In my last newsletter, I shared with you my ADD moment of the year: tripping over my daughter’s wedding gown during the ceremony and nearly flying down the aisle. That story alone took up much of the issue and garnered lots of responses from you- mostly supportive and kind (thank you!).
There were more ADD related incidents that day. Of course! When you combine stress, non-stop activities, planning, socializing, having to be places on time, feeling overwhelmed, etc etc, there are bound to be problems.
But this one pertains to my younger daughter, Mackenzie, whom I write a lot about. She’s my ADHHHHD+++ kiddo. Meaning, she has ADHD (emphasis on the H) plus all kinds of other issues, including significant sensory hypersensitivities- something we often see with our ADHD. Lucky us.
When I present or work with families, I always suggest that parents “see it coming and have a plan.” In this case, I knew Mackenzie would have a rough time with the sensory overload of the weekend’s events. So I made all kinds of plans ahead of time to help her through the weekend; we talked about what she thought would help her, and then we put those plans into place.
- Ordering foods she would eat
- Bringing a backpack filled with snacks and activities
- Making sure she wasn’t hungry or over-tired
- Don’t laugh, but this was a must: I booked a room at the hotel where the wedding took place just for her- just for the day- where she could retreat to if she felt overwhelmed. We talked about using the room before feeling overloaded.
- Bringing extra clothes she could change into late in the evening should her bridesmaid dress become uncomfortable
- Scoping out the various rooms over the weekend (rehearsal dinner restaurant, hospitality suite, etc.) and finding a quiet place she would retreat to as needed.
- The bride, my older daughter, came up with a brilliant idea: she purchased huge headphones for her iTouch that Mackenzie could wear if the noise overwhelmed her. Better, she decorated it with her monogram on one side and a glittery star on the other. Mackenzie was promised that once she was able to walk down the aisle, she could don the headset for the rest of the evening.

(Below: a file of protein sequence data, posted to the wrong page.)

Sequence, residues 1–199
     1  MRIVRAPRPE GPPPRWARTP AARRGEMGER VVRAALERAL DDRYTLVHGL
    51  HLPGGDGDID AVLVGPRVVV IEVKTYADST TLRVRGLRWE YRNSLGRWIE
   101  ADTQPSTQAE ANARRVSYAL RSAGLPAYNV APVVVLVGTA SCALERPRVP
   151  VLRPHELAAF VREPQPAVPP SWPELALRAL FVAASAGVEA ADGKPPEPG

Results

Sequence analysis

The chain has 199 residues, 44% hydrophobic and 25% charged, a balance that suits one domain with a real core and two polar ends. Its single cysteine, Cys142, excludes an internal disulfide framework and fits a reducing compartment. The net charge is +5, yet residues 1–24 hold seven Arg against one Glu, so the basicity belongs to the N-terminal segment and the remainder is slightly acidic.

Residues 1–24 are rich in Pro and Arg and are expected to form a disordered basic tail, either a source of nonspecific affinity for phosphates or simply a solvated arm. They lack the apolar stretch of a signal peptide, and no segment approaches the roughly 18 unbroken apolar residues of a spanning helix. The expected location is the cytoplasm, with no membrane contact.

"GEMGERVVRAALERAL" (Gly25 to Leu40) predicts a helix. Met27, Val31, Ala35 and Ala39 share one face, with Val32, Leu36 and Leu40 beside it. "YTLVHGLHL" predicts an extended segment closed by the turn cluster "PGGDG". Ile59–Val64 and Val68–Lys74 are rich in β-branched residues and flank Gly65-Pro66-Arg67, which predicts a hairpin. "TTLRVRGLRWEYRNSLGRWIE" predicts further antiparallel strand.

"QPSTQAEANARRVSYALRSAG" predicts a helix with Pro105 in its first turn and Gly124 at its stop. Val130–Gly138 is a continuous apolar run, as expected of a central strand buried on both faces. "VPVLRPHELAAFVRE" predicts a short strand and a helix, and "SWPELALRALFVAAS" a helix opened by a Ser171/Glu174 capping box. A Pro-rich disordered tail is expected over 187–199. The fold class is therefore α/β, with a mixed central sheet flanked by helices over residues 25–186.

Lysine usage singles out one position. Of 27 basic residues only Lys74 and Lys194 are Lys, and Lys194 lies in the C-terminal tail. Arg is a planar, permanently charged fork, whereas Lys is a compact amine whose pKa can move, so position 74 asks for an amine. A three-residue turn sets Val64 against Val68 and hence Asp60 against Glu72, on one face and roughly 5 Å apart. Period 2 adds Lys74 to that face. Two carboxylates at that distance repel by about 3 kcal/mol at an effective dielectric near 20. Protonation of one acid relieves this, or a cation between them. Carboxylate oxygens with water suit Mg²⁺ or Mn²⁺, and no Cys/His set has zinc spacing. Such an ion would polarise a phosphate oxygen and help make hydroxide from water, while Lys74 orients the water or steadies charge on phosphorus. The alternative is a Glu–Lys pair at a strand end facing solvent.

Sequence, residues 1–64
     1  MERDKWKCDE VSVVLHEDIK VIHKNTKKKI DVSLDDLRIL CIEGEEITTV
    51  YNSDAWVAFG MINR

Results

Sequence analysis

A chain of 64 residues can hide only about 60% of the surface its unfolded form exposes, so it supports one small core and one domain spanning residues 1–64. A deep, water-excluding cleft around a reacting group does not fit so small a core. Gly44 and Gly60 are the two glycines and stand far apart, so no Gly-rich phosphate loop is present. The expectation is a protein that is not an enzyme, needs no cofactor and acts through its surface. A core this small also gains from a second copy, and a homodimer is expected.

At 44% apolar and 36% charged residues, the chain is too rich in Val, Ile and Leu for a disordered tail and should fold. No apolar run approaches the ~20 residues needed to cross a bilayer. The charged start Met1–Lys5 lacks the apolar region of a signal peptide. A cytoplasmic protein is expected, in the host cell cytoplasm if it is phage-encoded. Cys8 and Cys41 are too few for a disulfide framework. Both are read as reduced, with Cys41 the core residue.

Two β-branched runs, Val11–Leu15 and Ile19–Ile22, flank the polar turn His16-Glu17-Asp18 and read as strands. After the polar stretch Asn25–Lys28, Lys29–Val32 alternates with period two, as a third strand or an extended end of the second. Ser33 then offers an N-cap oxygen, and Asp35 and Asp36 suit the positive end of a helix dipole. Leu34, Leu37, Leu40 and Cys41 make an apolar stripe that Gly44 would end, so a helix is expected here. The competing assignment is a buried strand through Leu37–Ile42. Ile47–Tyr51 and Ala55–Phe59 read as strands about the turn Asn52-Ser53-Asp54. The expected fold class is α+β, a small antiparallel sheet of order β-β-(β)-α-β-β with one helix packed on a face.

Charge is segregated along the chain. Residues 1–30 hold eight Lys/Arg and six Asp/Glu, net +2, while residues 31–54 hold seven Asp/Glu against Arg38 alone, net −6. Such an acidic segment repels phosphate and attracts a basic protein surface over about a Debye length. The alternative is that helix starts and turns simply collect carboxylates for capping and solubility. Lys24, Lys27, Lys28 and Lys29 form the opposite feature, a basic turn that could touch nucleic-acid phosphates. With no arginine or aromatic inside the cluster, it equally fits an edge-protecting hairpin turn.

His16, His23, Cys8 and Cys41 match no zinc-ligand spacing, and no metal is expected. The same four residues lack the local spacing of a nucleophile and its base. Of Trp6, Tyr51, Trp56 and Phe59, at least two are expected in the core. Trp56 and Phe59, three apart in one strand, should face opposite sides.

I thought we covered all the bases. However, one big mistake I made was not making sure she was rested enough for the week’s events. So…the night of the hospitality suite gathering, where friends and relatives from all over the US and Canada came to mingle and socialize, I was faced with a very overwhelmed daughter. Too much noise. Too many people in one room. Too many questions asked. A new dress that didn’t “feel right.”
It all led up to a major meltdown. Even after running her to the designated safe, quiet place, it was too late: she let out a shriek and cried her heart out. Once she gets into the overwhelm “mode”, it’s almost impossible to talk her down.
The next day was the wedding and I was more than a little worried. But…she came through! She walked down the aisle, all bright eyed and smiling. Sat down and enjoyed the ceremony. And probably had a good laugh at my fall as well.
But then things took a turn. For the worse. We began posing for photographs and Mackenzie, being extremely sensitive to the cold, announced she was freezing. I had brought a sweater just in case but it didn’t do the trick. She began her descent into sensory hell…
The sit down dinner came next, but by then, Mackenzie could only sit for a short period of time, eating the salad then announcing she couldn’t manage the cold, the music, the noise. Now, Mackenzie pretty much is unable to sit anywhere for more than a few minutes, and I knew that trying to persuade her to do so would only escalate her stress and bring on another meltdown. So I reminded her of her hotel room. While this was happening, the speeches had started and I was “up.” I felt torn- how to help my daughter get through her angst while trying to enjoy my older daughters special day.
Luckily, my sister-in-law, sensitive to our situation, took me aside and told me she was taking over for the evening. “This is your daughter’s wedding and you need to be enjoying it with her.” I could have cried- in relief but also in sadness that even during such a special family event, my daughter’s special needs are always in the forefront.
At any rate, the wedding turned out to be a huge success. Knowing Mackenzie was in good hands and nestled into her hotel room, I could now enjoy the wedding.
Until she came rushing in the room, wearing a bathrobe over her beautiful dress, with sweat pants underneath.
I had a choice to make: feel the angst of her interruptions and unusual dress or…going with the whole thing and appreciating her wacky sense of humor. I chose the latter.
What did I learn? (You knew there’d be a lesson here, right?)
That even with the best of intentions, raising kids with ADHD and other special needs doesn’t always go as planned even when you think you’ve got all the bases covered. At which point you need to decide: are you going to fall apart? Or are you going to go with it and do your best?
When things begin to fall apart, ask yourself: how does your child feel? He/she isn’t choosing to over-react. She isn’t happy to feel out of control. He doesn’t enjoy having a meltdown. Put yourself in their shoes as best you can and move on. And learn for the next time.
What would I have done differently? I’m not sure. And that’s the truth.